Puzzle by Peter A. Collins, edited by Will Shortz
T.G.I.F. is not always de rigueur, but here we are on Good Friday at least thinking so, for oddly, it is a holiday for the stock market!
Thorns in the form of ROSEBUSHES (1A. They have many sticking points) leads off four groups of three ten-letter entries, accompanied by ERASERHEAD (15A. 1978 cult film with a mutant child) and POLARBEARS (17A. Sealing fans) -- ha-ha-get-it “ceiling fans“…
The second set of three ten-letter entries are comprised of OCEANLINER (54A. Choice for intercontinental travel); TESTTAKING (57A. Student activity); and BETSYWETSY (59A. Doll that was once a going thing) -- ha-ha-get-it “going thing“… For a third set, upper right are FIRSTORDER (14D. Simplest, in math and logic); AMELIORATE (13D. Ease); and SQUEEZEBOX (12D. Zydeco instrument) -- ha-ha-get-it “accordian“… Finally, down left are and ORANGEZEST (26D. Marmalade ingredient); RAKELEAVES (25D. Tidy up the lawn, in a way); and finally, ADAMANDEVE (24D. Opening pair?).
Fall and Expulsion of Adam and Eve, Michelangelo, 1510 -- Fresco, Sistine Chapel, Vatican, Rome
OSMOSIS (35A. One way to get through a wall) appears to be the other lone deliberate entry being placed in the center of the puzzle. All of the remaining entries are, of course, happenstance. By that, I mean to say, secondary to the choice of long entries. One might add URBANDESIGN (6D Architectural sub discipline) and MARINCOUNTY (23D. Home to San Quentin State Prison) due to their length, even though they are partially controlled by the groupings of long entries above and below.
The remaining entries are somewhat shorter -- six-letter entries are AROUND, BERLIN, COAXER, EEYORE, LIESON, NEESON, MADEIT, OUTLAW; five-letter, ABOUT, ANEST, BOATS, DAZES, HEATS, INOUT, LASTS, NAMES, NAMES, NIELS, OLMOS, SERTA, SHESA, TINAS, USAID; four-letter, AUER, DART, EARS, EMER, ESTA, EVER, ICEE, JENS, ONIT, ORGY, OROS, REPO, SALT, SOSA, SQMI, USAF, VEST, VOTE; and three-letter, AKA, ALG, BAD, ERR, ESA, IKE, MEN, MGR, OJO, OST, OTB, SAM, SDS, TUT, TUT, VAT, YOS, and ZOO.
The main chore for the authors of a puzzle of this nature is to write clues for the leftovers that will render those unmalleable entries seem intended -- the following:
Across: 11. Falcon’s grp.; 16. Gazetteer meas.; 18. Oscar-nominated “My Man Godfrey” actor, 1936; 19. One of four directions in 5-Down; 20. Goes on; 21. Mathematician NIELS Henrik Abel; 22. Brown and others; 23. Hit the big time; 24. Not too far away; 27. Football Hall-of-Famer Huff; 28. Where many pens are found; 29. Corrida sticker; 30. Pessimist in a Disney cartoon; 33. Drop the ball; 34. Letters between two names; 36. Severe; 37. Checkers, e.g.; 38. Uses as a bed; 39. End of many a race; 40. It involves many unknowns: Abbr.; 41. Sched. Maker, often; 42. One using soft soap; 44. “Michael Collins” title role player, 1996; 46. Here and there; 48. Fogs; 49. Desk tray labels; 50. Eye of the tigre?; 53. At any point; 56. Endow; 58. It is in Peru.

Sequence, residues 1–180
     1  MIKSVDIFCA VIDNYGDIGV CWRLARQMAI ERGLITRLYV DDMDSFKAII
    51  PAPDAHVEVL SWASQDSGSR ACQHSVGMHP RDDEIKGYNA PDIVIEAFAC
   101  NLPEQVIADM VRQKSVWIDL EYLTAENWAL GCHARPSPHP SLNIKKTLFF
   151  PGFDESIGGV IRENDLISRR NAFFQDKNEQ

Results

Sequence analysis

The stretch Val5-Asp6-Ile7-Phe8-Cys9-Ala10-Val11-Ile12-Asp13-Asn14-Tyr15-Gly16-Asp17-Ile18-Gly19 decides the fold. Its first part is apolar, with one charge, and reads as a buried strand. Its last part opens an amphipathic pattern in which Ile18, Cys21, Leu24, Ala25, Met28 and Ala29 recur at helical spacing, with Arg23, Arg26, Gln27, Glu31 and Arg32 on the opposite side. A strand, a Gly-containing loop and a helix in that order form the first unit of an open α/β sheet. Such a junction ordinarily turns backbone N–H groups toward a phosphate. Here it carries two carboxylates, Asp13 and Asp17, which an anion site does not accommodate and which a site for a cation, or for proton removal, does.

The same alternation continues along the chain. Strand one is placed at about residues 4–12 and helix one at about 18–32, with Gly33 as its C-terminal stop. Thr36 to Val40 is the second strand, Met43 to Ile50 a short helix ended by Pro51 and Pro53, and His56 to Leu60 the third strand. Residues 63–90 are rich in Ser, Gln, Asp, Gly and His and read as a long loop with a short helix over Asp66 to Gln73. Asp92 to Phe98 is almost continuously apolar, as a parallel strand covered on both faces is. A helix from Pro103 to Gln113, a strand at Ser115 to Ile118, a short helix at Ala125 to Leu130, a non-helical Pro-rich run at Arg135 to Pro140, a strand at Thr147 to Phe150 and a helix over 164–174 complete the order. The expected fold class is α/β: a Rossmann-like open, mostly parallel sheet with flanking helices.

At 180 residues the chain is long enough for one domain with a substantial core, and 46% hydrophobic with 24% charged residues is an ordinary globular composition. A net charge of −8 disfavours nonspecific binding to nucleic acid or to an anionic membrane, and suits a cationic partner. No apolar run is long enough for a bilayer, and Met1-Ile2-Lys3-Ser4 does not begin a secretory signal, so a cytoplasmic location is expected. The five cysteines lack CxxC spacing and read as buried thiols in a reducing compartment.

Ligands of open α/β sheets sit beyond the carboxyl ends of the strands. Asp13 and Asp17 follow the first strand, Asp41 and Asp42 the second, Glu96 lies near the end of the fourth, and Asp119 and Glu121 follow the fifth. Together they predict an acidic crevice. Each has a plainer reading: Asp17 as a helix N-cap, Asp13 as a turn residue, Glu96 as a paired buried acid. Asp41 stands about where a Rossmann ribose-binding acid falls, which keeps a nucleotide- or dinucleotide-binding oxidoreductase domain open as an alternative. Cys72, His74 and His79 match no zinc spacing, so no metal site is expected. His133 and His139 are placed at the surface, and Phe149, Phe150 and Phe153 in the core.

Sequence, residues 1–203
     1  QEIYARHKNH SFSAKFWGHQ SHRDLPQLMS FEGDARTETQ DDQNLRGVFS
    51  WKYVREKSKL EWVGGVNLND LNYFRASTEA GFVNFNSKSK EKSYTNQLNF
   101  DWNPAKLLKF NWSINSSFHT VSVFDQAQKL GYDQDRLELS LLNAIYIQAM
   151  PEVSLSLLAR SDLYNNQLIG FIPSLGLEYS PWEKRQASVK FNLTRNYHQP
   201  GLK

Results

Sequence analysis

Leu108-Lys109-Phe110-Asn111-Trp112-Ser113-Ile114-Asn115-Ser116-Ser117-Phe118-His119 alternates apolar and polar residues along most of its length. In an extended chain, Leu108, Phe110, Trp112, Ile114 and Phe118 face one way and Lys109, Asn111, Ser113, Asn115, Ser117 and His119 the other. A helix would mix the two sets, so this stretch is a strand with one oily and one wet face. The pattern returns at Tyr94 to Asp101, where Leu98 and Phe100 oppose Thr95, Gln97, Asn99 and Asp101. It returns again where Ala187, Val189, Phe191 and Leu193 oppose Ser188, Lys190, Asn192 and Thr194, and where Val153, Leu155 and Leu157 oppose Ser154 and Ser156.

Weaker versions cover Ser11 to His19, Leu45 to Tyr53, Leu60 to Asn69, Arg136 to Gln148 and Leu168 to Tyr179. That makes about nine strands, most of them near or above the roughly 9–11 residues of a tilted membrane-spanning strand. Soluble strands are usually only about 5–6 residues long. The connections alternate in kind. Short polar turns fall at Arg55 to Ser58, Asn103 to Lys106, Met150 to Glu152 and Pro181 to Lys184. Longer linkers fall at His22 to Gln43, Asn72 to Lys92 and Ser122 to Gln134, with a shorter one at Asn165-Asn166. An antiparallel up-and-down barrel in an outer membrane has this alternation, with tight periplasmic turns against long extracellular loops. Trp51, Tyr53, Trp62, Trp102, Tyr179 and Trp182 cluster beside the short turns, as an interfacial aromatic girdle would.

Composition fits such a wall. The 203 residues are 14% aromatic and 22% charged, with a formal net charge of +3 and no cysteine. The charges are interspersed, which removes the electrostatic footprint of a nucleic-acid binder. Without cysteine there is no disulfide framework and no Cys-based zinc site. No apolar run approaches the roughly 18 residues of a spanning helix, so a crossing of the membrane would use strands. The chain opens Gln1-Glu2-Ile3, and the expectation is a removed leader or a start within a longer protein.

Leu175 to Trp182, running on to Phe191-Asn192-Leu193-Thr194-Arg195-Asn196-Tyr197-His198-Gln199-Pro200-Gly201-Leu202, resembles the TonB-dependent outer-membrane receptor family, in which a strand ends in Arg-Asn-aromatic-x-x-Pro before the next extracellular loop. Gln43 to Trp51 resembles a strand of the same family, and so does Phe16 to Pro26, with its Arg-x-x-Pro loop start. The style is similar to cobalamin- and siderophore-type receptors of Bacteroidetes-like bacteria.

Down: 1. Credit report damager, briefly; 2. Prizes for top atletas; 3. Curer; 4. Tikkanen of hockey; 5. It’s no longer divided; 7. “SHESA Lady” (1971 hit song); 8. Meet preliminaries; 9. Roadside stand units; 10. Old sit-in org.; 11. Lend-Lease Act provision; 21. When doubled, what a rat does; 22. Sound of disapproval; 27. “I’ve been better”; 31. Like some profs.; 32. Cries for attention; 35. “Stand and Deliver” Oscar nominee, 1988; 39. Brewery fixture; 43. Ban; 45. Perfect Day maker; 46. “ANEST of traitors!”: Shak.; 47. Gravy holders; 49. Summer cooler; 50. Taking care of business; 51. Norwegian P.M. Stoltenberg; 52. Immoderate indulgence; 54. Where races are screened?: Abbr.; 55. “They Like IKE” (song from “Call Me Madam).
Yesterday I was struck by the number of times that the word “hate” was used in seeming dead earnest in another crossword blog . One can only hope that beyond the thorns, those who hate may find love.
For today’s cartoon, go to The Crossword Puzzle Illustrated.
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Having seen Paul Scofield in two of his finest performances, "A Man for All Seasons" at the ANTA Theatre, for which he won the Tony Award (subsequently for the film, an Academy Award) and Shakespeare's "King Lear" at Lincoln Center in NYC, I am reminded of his greatness as an actor, a master of his profession.